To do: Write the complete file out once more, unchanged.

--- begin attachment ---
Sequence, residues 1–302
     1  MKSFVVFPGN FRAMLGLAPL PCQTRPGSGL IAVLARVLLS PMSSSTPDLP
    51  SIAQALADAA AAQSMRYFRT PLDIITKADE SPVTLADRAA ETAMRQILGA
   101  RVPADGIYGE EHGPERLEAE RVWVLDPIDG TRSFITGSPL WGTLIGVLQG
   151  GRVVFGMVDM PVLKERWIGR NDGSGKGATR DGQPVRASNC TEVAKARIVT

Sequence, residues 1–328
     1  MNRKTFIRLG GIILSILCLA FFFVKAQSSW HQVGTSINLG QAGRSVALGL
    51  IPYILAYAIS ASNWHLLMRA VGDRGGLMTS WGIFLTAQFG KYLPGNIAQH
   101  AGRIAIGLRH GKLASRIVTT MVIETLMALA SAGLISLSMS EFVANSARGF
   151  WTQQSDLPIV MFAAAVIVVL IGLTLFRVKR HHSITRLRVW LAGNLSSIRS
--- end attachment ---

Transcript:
Sequence, residues 1–302
     1  MKSFVVFPGN FRAMLGLAPL PCQTRPGSGL IAVLARVLLS PMSSSTPDLP
    51  SIAQALADAA AAQSMRYFRT PLDIITKADE SPVTLADRAA ETAMRQILGA
   101  RVPADGIYGE EHGPERLEAE RVWVLDPIDG TRSFITGSPL WGTLIGVLQG
   151  GRVVFGMVDM PVLKERWIGR NDGSGKGATR DGQPVRASNC TEVAKARIVT

Sequence, residues 1–328
     1  MNRKTFIRLG GIILSILCLA FFFVKAQSSW HQVGTSINLG QAGRSVALGL
    51  IPYILAYAIS ASNWHLLMRA VGDRGGLMTS WGIFLTAQFG KYLPGNIAQH
   101  AGRIAIGLRH GKLASRIVTT MVIETLMALA SAGLISLSMS EFVANSARGF
   151  WTQQSDLPIV MFAAAVIVVL IGLTLFRVKR HHSITRLRVW LAGNLSSIRS